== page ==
Her surgery was performed in Amarillo; she stayed with family there for a month while she healed, headed home for a couple of weeks, and returned to Amarillo for her six-week check-up.
“He really went above and beyond. His scars are straight and perfect. Others’ scars have puckers, but his are beautiful,” Alvarado says.
She waited about two years to take the next step. In the interim, Alvarado and her husband moved to Oklahoma, and Kordestani decided to retire and moved to Las Vegas. His retirement lasted about a year; his dedication to improving patients’ lives wouldn’t allow any longer. “I was looking for a new doctor, and I just wasn’t happy with any of them,” Alvarado says. “I called Dr. K, and he called me back and said he was coming out of retirement and moving to Oklahoma, if I could wait. I said, ‘Of course.’”
Her inner and outer thighs got their makeover in January 2018: lipoplasty combined with the removal of excess skin. “The downtime was just three or four days. I wore a compression garment after that, but the recovery wasn’t bad at all.”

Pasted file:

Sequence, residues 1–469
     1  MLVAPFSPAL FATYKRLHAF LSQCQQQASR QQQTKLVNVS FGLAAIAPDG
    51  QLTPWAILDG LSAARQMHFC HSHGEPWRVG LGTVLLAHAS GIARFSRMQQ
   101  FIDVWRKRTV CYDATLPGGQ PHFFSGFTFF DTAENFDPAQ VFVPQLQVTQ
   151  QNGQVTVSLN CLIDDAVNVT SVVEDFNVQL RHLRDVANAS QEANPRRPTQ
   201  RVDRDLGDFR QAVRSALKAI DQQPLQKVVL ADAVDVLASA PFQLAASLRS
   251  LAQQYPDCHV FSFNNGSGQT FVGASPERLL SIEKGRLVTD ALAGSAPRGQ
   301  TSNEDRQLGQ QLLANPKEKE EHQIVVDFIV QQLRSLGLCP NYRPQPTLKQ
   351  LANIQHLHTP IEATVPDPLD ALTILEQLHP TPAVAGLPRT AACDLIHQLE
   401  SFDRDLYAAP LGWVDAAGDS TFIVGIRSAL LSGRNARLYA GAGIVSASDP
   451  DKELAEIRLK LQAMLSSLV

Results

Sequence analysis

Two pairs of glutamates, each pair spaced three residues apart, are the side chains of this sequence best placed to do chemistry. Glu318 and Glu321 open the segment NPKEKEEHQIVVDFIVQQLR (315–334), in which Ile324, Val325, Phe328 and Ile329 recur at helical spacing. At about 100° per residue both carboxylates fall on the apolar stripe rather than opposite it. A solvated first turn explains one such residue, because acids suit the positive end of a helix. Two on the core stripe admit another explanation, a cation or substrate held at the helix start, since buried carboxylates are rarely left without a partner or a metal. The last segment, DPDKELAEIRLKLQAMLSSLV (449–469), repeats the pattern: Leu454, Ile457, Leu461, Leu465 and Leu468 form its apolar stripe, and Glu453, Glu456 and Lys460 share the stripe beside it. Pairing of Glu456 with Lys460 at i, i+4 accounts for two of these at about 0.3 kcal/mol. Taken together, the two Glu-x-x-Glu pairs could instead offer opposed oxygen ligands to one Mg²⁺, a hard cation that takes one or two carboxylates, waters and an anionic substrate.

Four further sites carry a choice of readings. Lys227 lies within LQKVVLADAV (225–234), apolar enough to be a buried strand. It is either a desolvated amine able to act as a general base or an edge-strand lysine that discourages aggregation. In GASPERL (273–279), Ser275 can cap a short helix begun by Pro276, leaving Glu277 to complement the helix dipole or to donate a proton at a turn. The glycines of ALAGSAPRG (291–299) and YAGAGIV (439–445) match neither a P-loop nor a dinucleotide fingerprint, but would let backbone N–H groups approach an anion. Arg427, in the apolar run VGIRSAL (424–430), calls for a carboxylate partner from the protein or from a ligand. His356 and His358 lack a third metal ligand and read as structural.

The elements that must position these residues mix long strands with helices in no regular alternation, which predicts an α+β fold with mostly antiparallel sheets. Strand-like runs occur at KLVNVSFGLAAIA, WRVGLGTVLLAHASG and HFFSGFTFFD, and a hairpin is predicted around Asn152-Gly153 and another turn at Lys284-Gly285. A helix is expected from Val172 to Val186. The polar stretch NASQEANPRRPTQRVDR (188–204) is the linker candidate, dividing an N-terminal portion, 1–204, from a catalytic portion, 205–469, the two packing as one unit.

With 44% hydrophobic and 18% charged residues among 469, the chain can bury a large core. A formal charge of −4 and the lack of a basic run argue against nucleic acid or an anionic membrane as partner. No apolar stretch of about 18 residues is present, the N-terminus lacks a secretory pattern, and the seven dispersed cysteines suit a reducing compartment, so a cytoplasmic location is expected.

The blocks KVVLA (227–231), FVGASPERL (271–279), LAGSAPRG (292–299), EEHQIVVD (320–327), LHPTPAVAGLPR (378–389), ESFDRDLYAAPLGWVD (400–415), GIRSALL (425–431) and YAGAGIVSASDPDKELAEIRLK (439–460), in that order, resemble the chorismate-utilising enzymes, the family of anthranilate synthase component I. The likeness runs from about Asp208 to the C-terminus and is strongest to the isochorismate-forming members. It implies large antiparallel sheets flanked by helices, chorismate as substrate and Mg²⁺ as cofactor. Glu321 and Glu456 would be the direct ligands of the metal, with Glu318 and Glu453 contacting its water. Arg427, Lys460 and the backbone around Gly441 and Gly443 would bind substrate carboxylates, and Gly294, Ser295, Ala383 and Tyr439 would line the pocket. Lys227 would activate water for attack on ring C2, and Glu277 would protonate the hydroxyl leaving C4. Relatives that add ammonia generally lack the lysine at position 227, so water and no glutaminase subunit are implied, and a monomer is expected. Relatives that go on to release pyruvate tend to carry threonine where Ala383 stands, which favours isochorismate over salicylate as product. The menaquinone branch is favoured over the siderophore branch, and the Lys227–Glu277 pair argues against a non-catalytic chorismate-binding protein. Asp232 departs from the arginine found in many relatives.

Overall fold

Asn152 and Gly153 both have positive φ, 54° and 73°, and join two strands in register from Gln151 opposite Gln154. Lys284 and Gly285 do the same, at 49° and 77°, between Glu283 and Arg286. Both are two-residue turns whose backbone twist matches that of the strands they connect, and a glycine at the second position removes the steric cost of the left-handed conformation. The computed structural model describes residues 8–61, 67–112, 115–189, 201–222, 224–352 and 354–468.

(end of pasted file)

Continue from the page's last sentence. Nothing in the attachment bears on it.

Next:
Compression garments after lipoplasty are crucial. “With lipoplasty, we find deep fat excesses, and flood them with a tumescent solution, which kills fat and liquefies it. Then we suction it out. After the procedure, the patient must wear a compression garment to eliminate the “lakes” that can form if fluids seep into the superficial layers,” Kordestani says.